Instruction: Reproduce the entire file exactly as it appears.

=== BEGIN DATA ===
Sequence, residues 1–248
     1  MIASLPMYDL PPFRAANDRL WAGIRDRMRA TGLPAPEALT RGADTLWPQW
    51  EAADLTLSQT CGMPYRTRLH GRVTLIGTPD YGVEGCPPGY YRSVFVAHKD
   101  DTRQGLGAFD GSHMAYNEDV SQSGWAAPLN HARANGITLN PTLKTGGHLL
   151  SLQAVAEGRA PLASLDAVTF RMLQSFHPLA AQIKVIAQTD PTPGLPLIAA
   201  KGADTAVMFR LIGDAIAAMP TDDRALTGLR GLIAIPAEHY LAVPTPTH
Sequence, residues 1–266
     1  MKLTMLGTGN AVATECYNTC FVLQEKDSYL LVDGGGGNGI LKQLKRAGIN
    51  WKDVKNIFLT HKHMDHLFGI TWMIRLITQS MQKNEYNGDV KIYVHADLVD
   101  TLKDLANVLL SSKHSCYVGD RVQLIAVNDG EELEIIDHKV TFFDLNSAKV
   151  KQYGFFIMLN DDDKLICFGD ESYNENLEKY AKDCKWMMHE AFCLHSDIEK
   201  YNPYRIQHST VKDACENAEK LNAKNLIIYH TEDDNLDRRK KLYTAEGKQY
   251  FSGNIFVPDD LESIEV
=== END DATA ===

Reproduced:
Sequence, residues 1–248
     1  MIASLPMYDL PPFRAANDRL WAGIRDRMRA TGLPAPEALT RGADTLWPQW
    51  EAADLTLSQT CGMPYRTRLH GRVTLIGTPD YGVEGCPPGY YRSVFVAHKD
   101  DTRQGLGAFD GSHMAYNEDV SQSGWAAPLN HARANGITLN PTLKTGGHLL
   151  SLQAVAEGRA PLASLDAVTF RMLQSFHPLA AQIKVIAQTD PTPGLPLIAA
   201  KGADTAVMFR LIGDAIAAMP TDDRALTGLR GLIAIPAEHY LAVPTPTH
Sequence, residues 1–266
     1  MKLTMLGTGN AVATECYNTC FVLQEKDSYL LVDGGGGNGI LKQLKRAGIN
    51  WKDVKNIFLT HKHMDHLFGI TWMIRLITQS MQKNEYNGDV KIYVHADLVD
   101  TLKDLANVLL SSKHSCYVGD RVQLIAVNDG EELEIIDHKV TFFDLNSAKV
   151  KQYGFFIMLN DDDKLICFGD ESYNENLEKY AKDCKWMMHE AFCLHSDIEK
   201  YNPYRIQHST VKDACENAEK LNAKNLIIYH TEDDNLDRRK KLYTAEGKQY
   251  FSGNIFVPDD LESIEV